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Deep Convolutional Network evaluation on the Intel Xeon Phi: Where Subword Parallelism meets Many-Core

Gaurav Raina
Eindhoven University of Technology
Eindhoven University of Technology, 2016

@article{raina2016deep,

   title={Deep Convolutional Network evaluation on the Intel Xeon Phi: Where Subword Parallelism meets Many-Core},

   author={RAINA, Gaurav and Corporaal, Henk and Cuijpers, Pieter and Peemen, Maurice and Rauwerda, Gerard},

   year={2016},

   publisher={Technische Universiteit Eindhoven}

}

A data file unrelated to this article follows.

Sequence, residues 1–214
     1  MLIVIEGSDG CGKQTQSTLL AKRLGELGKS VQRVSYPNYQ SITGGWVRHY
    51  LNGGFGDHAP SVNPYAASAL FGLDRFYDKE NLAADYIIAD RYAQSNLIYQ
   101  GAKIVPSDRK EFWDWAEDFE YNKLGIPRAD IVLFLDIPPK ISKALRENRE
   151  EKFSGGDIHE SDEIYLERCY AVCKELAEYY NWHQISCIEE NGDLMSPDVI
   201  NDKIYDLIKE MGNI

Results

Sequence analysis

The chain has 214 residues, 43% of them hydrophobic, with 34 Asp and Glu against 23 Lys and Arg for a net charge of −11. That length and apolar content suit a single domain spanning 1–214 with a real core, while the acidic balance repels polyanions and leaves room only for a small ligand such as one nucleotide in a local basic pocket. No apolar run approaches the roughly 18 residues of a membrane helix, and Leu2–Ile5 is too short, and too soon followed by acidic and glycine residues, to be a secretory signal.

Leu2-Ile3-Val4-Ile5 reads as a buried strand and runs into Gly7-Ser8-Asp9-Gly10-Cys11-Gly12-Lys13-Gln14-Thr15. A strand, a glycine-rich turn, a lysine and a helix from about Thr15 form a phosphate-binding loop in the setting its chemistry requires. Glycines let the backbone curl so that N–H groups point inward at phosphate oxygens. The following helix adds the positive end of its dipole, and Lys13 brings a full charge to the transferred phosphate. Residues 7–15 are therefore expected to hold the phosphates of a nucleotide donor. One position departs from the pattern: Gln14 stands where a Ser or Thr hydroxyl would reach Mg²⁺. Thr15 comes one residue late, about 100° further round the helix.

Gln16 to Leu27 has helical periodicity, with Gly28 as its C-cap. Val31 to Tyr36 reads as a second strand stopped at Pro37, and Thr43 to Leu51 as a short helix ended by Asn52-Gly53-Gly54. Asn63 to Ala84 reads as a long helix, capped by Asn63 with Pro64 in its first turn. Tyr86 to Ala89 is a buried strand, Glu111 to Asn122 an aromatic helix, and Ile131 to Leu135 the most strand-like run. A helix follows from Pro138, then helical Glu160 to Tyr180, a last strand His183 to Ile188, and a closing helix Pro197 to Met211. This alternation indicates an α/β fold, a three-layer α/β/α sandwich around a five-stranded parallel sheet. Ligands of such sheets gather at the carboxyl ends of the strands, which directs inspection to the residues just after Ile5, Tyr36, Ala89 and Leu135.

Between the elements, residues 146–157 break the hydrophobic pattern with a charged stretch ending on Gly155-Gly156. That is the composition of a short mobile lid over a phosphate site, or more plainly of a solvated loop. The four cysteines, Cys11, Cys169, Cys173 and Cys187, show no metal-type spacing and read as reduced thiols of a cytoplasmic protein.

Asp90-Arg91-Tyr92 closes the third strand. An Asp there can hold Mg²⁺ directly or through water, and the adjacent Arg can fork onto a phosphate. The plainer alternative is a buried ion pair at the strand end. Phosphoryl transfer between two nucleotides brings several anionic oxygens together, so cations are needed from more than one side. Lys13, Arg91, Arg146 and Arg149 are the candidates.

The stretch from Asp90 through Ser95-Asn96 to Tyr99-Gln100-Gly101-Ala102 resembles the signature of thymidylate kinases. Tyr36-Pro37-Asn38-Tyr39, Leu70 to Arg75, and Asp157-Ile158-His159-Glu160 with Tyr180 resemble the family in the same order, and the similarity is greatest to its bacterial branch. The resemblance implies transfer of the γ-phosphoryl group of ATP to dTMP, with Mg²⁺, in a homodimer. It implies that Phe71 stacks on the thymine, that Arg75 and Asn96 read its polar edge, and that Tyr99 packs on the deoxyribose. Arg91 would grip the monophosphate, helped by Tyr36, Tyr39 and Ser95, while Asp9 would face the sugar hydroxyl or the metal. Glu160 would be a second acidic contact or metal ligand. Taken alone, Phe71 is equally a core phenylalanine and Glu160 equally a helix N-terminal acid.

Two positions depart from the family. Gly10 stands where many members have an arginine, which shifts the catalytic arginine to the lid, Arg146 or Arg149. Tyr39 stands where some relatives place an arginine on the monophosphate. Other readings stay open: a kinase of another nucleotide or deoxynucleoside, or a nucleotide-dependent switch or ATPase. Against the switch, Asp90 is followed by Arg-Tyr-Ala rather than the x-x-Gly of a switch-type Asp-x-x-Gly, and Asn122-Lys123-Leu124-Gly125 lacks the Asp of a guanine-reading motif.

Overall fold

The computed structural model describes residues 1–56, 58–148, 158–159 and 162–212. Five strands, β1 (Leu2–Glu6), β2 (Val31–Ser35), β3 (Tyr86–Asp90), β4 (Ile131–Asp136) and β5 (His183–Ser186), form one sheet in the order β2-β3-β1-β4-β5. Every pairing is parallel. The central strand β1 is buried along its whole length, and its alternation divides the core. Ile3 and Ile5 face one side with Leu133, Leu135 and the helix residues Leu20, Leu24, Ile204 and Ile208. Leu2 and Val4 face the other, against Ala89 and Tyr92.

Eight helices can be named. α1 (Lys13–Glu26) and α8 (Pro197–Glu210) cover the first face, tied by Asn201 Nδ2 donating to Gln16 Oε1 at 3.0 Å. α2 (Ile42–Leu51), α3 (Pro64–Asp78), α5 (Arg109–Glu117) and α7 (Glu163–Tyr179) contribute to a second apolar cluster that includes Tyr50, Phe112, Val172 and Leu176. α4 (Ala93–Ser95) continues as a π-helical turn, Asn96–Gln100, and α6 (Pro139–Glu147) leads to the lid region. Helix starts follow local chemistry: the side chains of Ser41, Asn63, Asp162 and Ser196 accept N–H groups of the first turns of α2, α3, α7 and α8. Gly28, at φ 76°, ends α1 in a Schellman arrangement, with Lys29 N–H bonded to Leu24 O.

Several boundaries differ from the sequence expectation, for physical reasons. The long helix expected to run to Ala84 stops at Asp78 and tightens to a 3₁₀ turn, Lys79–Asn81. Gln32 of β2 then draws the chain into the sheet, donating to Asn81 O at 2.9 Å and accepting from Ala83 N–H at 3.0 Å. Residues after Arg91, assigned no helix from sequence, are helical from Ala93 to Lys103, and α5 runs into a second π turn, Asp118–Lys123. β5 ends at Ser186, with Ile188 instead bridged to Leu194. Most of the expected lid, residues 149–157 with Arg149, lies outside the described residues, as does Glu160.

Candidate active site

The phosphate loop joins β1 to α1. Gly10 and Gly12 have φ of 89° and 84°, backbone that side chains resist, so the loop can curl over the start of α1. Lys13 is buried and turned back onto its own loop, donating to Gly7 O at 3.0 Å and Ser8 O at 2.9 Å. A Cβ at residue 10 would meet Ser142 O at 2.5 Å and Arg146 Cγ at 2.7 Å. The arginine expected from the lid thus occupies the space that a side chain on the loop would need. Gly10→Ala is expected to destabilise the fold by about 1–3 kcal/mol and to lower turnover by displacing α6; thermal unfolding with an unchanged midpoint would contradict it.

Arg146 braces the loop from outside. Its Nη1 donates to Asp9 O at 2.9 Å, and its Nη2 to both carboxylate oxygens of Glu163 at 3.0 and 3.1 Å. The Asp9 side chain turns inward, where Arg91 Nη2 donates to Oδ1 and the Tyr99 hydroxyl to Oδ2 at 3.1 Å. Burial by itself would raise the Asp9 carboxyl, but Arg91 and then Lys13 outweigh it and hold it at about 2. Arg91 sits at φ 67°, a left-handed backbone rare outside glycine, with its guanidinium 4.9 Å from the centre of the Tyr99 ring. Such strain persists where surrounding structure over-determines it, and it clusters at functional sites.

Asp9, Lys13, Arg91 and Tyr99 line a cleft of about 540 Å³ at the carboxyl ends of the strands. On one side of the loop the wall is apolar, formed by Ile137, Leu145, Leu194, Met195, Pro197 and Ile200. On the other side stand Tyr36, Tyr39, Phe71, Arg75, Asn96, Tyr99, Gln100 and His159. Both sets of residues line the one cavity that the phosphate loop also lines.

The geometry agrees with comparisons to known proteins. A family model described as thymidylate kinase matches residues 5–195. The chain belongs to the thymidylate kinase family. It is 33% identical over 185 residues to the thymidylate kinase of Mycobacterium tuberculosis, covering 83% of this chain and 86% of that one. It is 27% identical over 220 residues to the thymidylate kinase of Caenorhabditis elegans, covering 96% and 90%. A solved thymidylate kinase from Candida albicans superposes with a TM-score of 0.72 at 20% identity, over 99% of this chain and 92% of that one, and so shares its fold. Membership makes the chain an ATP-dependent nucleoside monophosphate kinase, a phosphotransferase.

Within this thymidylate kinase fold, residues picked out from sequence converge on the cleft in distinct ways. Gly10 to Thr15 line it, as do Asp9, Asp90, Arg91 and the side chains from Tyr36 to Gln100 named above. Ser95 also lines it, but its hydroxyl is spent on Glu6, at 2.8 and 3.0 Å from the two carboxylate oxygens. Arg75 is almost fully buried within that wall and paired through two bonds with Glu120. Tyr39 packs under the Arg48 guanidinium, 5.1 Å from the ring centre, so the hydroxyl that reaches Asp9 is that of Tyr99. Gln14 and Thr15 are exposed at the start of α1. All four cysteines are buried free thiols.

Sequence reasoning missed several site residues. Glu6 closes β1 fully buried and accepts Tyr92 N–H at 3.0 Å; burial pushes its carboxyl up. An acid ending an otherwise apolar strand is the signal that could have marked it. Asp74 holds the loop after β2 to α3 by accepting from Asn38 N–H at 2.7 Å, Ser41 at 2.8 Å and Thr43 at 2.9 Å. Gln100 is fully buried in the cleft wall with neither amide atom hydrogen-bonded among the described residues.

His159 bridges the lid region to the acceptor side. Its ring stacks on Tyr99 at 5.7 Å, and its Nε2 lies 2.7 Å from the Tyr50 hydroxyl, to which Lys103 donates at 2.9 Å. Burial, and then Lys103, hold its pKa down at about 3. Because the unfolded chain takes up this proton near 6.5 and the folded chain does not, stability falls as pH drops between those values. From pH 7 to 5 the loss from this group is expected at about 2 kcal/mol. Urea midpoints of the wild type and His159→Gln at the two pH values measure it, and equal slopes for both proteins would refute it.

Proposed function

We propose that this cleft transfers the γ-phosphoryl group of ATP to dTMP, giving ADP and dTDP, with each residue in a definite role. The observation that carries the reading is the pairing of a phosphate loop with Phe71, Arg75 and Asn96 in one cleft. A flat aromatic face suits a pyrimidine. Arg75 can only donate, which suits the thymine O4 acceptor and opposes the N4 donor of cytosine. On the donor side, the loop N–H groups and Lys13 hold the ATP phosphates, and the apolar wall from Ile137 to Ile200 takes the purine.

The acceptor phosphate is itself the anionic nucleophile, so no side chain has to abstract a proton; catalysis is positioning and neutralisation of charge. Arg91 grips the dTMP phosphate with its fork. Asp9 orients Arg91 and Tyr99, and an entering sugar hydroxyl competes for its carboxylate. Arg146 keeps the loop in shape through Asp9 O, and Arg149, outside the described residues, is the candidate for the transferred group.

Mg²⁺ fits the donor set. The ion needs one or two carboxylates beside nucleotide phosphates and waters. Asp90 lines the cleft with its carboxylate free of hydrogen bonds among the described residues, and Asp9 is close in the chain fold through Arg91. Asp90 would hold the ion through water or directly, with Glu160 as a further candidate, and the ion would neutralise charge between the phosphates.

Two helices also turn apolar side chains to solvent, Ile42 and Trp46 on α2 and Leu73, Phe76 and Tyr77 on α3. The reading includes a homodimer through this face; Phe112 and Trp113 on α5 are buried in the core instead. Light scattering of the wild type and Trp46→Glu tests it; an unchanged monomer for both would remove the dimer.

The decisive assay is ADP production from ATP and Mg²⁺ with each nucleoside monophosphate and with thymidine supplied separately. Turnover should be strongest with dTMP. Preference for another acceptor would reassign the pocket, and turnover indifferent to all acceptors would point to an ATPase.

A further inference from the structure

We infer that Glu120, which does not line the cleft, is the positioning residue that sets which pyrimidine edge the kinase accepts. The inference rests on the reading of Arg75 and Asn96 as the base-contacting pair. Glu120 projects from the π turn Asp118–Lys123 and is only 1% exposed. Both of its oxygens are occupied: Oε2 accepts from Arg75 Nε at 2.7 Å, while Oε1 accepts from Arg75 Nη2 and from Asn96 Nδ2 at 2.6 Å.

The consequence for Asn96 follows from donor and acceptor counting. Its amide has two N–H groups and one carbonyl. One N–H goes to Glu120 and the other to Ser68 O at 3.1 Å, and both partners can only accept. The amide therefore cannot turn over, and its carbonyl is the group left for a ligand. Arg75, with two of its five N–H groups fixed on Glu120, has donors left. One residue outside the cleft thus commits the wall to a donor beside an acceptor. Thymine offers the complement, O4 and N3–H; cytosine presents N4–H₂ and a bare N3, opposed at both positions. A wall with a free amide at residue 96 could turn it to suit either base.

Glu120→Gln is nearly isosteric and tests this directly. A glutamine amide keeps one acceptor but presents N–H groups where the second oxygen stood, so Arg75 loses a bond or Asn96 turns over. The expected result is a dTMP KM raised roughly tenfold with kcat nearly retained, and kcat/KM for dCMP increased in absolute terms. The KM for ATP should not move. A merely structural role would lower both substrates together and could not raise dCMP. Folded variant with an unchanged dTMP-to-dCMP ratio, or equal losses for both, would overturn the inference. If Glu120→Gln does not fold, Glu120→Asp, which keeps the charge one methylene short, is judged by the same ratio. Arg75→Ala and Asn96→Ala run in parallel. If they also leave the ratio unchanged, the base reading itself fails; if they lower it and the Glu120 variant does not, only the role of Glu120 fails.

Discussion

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With a sharp decline in camera cost and size along with superior computing power available at increasingly low prices, computer vision applications are becoming ever present in our daily lives. Research shows that Convolutional Neural Networks (ConvNet) can outperform all other methods for computer vision tasks (such as object detection) in terms of accuracy and versatility [31]. One of the problems with these Neural Networks, which mimic the brain, is that they can be very demanding on the processor, requiring millions of computational nodes to function. Hence, it is challenging for Neural Network algorithms to achieve real-time performance on general purpose embedded platforms. Parallelization and vectorization are very effective ways to ease this problem and make it possible to implement such ConvNets on energy efficient embedded platforms. This thesis presents the evaluation of a novel ConvNet for road speed sign detection [38], on a breakthrough 57-core Intel Xeon Phi processor with 512-bit vector support. This mapping demonstrates that the parallelism inherent in the ConvNet algorithm can be effectively exploited by the 512-bit vector ISA and by utilizing the many core paradigm. Detailed evaluation shows that the best mappings require data-reuse strategies that exploit reuse at the cache and register level. These implementations are boosted by the use of low-level vector intrinsics (which are C style functions that map directly onto many Intel assembly instructions). Ultimately we demonstrate an approach which can be used to accelerate Neural Networks on highly-parallel many core processors, with execution speedups of more than 12x on single core performance alone.
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